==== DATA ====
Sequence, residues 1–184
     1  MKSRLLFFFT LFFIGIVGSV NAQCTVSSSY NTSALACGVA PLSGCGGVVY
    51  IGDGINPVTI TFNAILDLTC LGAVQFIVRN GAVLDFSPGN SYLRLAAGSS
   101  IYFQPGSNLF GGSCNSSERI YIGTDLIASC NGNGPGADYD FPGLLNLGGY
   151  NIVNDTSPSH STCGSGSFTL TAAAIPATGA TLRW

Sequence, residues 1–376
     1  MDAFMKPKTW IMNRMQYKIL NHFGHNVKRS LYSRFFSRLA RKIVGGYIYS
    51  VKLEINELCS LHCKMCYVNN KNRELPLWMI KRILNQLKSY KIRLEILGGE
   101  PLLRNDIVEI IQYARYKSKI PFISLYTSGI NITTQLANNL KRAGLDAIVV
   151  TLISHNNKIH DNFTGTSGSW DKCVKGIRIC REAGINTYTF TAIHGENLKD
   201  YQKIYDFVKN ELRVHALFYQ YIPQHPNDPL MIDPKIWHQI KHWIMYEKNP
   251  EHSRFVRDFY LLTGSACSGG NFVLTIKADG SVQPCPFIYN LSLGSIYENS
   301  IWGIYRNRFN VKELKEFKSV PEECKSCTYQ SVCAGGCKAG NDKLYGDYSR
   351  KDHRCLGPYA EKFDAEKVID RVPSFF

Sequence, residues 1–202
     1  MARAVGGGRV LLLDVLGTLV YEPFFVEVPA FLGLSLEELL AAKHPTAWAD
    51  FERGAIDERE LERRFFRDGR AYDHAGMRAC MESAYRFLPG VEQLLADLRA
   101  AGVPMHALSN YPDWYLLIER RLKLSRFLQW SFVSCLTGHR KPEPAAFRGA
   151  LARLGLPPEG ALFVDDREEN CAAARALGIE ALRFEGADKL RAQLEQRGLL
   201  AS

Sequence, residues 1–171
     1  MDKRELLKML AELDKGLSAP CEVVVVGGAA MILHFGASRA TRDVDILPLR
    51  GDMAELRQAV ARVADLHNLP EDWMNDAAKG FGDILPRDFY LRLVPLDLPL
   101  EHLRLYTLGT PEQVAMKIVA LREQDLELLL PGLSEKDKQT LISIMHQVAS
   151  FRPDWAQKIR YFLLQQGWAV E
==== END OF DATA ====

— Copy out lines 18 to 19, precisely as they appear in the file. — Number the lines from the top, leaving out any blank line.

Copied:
   101  AGVPMHALSN YPDWYLLIER RLKLSRFLQW SFVSCLTGHR KPEPAAFRGA
   151  LARLGLPPEG ALFVDDREEN CAAARALGIE ALRFEGADKL RAQLEQRGLL